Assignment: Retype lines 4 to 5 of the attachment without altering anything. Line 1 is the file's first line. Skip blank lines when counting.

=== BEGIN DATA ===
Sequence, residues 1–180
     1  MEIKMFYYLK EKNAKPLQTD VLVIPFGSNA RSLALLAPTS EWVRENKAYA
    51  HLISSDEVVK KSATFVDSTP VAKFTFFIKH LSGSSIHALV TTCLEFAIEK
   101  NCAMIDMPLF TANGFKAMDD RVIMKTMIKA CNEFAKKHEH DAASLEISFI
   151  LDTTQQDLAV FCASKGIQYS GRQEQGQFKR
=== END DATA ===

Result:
   101  NCAMIDMPLF TANGFKAMDD RVIMKTMIKA CNEFAKKHEH DAASLEISFI
   151  LDTTQQDLAV FCASKGIQYS GRQEQGQFKR